Skin rash

A skin rash can signal an allergic reaction or an intolerance to the Bacillus of Calmette and Guerin vaccine. If the rash is painful or appears suddenly, you should go to the emergency room and contact your doctor immediately.

Dosage

The dosing for Bacillus of Calmette and Guerin vaccine live intravesical route is different for each individual and depends on a variety of factors. You must carefully your doctor's directions to get the optimal benefit from this medication. Do not change your dose or any of the instructions without your doctor's advice or consent.

The dose is very dependant on the strength of the vaccine. Your individual treatment also relies on the amount of vaccine and number of doses you take daily, as well as the time between the dose. The length of time you take the vaccine is determined by your doctor before you begin treatment. It is important to keep all of your appointments and carefully monitor your situation while you are taking the vaccine. Issues can develop quickly which could become a serious threat to your health and could create a life-threatening situation.

Interactions

There are 222 known drugs that interact with BCG:

Of those 222, there are 192 major drug interaction, 27 moderate drug interactions, and 3 minor drug interactions.

The most common medications that interact with BCG include Levaquin and Symbicort. Levaquin poses a major interaction risk, while Symbicort poses a moderate interaction risk.

Warnings

Upon receiving the BCG vaccine, you may notice blistering at the vaccination site which is normal. In some rare cases, individuals have developed a serious reaction to the vaccine called anaphylactic shock which is life-threatening and needs to be treated immediately. Some individuals will have scarring at the injection site or a rash that lasts for several weeks. In most cases, the rash disappears without scarring.

If you are pregnant or nursing, you should discuss this treatment thoroughly with your doctor so they can adjust the dose to the appropriate safe levels to avoid complication with your pregnancy or related to breastfeeding your baby. If you notice any changes in your pregnancy or your child, you should contact your doctor and pediatrician immediately and proceed to the nearest emergency room for immediate treatment.

Avoid adding medications or herbal supplements while taking this vaccine. If you medication regimen changes, or you stop taking any medication, you should contact your doctor because an adjustment to your dose may be required. If you develop a cough or a general feeling of being unwell, you should contact your doctor or proceed to the emergency room. This may be a symptom of tuberculosis and can also signal another serious health condition which requires immediate medical treatment. When taking the vaccine, it is important to discard any unused portion after six hours. The vaccine is unstable once it is reconstituted.

Pain at or near the injection site is normal as well as blistering immediately following the injection. If the pain at the injection site lasts, or the blistering around the area continues to get worse, you should alert your doctor. Always keep your appointments during treatment. Close monitoring for complication and developments is critical during your treatment. The BGC vaccine does not work 100% of the time, so if tuberculosis does develop in a patient, it is crucial to detect it immediately and begin the proper course of treatment to avoid a life-threatening situation and other health complications. Before beginning treatment, you should discuss the risks associated with this vaccine to determine if it is the proper course of treatment for your situation.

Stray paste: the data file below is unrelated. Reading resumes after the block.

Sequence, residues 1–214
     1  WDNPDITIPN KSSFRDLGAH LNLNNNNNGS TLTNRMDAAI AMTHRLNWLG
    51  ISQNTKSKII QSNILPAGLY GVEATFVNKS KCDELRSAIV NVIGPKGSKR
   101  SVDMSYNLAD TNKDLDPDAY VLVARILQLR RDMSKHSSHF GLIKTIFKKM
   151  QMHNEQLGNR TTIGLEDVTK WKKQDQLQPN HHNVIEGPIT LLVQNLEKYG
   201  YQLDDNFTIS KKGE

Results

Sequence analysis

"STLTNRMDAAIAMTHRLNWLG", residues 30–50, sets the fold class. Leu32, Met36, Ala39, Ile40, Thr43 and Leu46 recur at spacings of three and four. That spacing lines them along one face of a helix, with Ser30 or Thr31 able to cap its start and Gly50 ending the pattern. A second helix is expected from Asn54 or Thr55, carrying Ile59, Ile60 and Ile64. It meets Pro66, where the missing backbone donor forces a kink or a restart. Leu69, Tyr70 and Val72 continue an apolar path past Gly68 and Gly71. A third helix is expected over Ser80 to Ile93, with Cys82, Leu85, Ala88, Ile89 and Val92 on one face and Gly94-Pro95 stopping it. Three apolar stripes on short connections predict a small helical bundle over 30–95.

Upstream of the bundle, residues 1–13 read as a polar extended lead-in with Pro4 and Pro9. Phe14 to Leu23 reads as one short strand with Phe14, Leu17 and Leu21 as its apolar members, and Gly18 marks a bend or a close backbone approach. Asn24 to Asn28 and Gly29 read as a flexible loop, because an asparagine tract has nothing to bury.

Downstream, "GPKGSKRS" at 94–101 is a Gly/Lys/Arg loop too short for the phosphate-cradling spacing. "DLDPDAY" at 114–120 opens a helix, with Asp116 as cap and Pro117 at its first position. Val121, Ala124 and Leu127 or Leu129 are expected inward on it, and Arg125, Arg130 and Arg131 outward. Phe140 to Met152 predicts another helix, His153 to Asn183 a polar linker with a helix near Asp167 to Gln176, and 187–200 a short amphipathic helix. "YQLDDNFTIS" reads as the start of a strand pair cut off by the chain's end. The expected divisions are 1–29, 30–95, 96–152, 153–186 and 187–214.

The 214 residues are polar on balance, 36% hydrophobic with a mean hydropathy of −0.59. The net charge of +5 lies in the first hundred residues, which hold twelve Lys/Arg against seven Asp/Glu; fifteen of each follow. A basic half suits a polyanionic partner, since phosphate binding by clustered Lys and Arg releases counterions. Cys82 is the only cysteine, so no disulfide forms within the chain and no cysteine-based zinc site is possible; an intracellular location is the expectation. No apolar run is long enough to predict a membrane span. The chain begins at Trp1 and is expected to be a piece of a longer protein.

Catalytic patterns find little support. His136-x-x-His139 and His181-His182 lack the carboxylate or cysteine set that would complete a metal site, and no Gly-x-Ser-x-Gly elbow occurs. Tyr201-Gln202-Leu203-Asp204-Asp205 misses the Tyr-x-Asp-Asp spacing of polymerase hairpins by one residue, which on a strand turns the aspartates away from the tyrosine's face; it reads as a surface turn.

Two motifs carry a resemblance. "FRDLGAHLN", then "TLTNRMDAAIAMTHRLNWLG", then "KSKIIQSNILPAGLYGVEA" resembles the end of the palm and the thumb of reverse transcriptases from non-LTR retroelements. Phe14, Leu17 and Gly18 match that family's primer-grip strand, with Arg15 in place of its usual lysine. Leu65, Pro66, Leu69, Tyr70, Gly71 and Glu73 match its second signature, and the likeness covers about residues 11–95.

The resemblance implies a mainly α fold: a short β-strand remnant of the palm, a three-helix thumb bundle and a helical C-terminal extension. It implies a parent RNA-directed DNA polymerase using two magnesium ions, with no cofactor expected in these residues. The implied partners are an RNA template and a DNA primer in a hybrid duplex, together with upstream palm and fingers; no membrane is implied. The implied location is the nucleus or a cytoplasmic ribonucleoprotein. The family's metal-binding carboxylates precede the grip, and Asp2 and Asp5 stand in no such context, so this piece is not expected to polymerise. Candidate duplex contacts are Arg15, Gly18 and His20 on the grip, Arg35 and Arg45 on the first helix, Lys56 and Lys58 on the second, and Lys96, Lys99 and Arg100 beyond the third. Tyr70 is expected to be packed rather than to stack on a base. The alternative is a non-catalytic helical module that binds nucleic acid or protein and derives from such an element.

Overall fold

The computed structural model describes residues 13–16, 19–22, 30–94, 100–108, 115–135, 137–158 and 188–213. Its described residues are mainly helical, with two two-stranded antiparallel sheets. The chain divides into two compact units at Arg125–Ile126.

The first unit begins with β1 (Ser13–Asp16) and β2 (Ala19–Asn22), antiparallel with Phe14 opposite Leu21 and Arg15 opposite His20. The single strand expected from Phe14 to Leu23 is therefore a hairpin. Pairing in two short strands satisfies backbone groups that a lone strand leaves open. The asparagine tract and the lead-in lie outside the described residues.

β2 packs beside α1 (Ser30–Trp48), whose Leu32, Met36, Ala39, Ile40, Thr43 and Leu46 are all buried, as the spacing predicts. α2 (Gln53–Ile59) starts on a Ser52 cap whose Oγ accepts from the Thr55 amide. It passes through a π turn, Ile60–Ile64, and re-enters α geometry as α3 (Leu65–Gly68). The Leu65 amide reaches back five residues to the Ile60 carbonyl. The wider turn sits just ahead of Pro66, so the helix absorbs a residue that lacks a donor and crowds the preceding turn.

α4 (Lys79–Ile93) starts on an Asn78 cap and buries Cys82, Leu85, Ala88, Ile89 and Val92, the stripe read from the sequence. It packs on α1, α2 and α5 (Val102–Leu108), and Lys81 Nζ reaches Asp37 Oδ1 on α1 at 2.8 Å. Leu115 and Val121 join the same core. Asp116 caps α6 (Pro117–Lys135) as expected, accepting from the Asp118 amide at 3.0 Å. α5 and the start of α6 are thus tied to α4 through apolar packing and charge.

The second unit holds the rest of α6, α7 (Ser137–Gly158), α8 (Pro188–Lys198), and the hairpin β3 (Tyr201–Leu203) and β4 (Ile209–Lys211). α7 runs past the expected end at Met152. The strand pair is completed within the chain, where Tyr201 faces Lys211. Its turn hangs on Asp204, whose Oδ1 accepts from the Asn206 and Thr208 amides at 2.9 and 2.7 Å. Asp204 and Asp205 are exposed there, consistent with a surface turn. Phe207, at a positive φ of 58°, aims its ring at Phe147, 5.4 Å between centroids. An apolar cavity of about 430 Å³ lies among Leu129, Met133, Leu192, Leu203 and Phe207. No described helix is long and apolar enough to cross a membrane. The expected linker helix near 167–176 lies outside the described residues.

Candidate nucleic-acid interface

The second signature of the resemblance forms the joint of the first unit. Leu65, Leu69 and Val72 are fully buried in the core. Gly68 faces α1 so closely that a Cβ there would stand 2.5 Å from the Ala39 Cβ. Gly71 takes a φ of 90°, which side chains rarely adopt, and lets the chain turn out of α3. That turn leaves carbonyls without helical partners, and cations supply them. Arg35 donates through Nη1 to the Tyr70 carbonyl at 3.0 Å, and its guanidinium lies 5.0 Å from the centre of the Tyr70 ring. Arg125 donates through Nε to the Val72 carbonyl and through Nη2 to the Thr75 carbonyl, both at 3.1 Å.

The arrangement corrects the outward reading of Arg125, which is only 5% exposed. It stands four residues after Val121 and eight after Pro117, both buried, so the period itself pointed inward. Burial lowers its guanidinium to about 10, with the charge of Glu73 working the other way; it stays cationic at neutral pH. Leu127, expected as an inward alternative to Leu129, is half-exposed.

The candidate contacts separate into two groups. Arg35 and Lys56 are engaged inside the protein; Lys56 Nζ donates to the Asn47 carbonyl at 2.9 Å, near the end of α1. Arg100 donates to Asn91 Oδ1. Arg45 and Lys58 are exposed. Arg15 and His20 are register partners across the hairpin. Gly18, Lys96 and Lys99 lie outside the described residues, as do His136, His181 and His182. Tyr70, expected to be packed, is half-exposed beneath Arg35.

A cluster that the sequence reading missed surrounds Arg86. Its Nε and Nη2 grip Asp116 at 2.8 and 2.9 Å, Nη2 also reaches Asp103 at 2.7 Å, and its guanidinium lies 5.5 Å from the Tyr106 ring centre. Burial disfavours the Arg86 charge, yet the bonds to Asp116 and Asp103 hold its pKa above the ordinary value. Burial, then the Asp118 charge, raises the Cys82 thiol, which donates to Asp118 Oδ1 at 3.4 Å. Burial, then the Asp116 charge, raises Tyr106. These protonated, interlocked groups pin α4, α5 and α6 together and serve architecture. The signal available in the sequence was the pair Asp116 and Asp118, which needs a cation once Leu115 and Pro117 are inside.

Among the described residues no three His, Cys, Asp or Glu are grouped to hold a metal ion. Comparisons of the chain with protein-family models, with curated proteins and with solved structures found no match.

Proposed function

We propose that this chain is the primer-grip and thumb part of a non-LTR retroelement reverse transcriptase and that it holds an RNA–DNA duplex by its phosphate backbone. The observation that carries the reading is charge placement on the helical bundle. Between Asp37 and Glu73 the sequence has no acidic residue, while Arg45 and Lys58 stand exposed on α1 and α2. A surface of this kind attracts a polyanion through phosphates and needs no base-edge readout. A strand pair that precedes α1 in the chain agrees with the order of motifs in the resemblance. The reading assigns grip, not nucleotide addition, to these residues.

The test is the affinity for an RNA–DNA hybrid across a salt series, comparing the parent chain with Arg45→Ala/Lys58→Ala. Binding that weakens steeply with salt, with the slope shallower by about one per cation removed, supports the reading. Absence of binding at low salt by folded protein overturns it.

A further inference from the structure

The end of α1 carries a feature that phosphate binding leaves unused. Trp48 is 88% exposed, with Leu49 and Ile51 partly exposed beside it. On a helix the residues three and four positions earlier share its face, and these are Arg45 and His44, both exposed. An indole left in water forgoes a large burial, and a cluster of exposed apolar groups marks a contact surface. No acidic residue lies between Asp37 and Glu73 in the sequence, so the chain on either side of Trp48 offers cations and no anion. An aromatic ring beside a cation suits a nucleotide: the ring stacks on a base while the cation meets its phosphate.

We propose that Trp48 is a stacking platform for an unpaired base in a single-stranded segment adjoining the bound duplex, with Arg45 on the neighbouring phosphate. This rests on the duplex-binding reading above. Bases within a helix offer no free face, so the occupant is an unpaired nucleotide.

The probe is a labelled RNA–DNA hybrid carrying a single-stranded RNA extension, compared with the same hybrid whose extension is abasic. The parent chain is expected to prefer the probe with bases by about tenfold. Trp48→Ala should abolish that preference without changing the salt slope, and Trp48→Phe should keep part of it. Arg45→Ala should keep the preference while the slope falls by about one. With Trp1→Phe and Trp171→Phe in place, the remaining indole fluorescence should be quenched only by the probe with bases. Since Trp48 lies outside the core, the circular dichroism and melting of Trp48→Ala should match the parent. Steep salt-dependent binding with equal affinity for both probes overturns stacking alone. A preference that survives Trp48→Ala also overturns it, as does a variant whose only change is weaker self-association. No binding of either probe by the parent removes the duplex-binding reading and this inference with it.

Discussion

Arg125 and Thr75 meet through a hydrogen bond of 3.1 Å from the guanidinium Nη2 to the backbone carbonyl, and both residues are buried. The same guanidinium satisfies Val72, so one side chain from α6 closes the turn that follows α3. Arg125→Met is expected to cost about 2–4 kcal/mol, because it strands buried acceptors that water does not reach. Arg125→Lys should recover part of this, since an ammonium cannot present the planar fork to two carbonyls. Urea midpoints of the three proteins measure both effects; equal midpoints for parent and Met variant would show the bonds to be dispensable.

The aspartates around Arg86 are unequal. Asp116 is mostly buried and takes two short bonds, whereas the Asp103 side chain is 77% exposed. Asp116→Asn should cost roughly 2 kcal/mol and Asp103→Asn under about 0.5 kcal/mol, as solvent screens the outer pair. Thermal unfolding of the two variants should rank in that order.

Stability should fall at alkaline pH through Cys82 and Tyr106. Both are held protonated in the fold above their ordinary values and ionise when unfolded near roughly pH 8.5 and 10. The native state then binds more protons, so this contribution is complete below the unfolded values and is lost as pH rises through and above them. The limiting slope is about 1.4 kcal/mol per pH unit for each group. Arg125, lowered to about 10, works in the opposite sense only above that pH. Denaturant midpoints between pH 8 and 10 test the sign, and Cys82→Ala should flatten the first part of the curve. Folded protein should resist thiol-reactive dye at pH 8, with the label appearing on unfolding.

Storage

The BCG vaccine is freeze-dried and should be kept cool. It can be refrigerated between +2 to +8 degrees Celsius. Once the vaccine is reconstituted it should be used within six hours. Once reconstituted, the vaccine should be continuously kept cold because it is highly unstable. After six hours the vaccine should be discarded appropriately. This vaccine should also be stored away from ultraviolet and fluorescent lighting because it is particularly sensitive to this type of light.

Summary

Bacillus of Calmette and Guerin vaccine is a live vaccine used to help prevent contracting tuberculosis, which is a serious and possibly life-threatening condition which is easily transmitted. This vaccine is administered under the close supervision of a doctor and each individual who takes the vaccines will have a dose which is tailored to their specific needs. This vaccine is also used for toddlers and children who have been exposed to tuberculosis. It has also been used via an intravesical route to successfully preventative the return of bladder cancer in patients who either have a non-invasive stage 0 cancer, or a stage 1 cancer. It is administered once per week for six weeks and is injected directly into the bladder through a catheter.

If you have any health conditions, you should alert your doctor and thoroughly discuss the medications you are currently taking because they could pose a significant interaction risk with this medication. This vaccine is also used to treat pediatric patients who have been exposed to tuberculosis. Discuss the risk to children when using this vaccine and make sure you provide close supervision while this treatment is administered. Use caution when handling and administering this live vaccine, and follow all of the CDC's guidelines for handling this live vaccine, as well as administering it.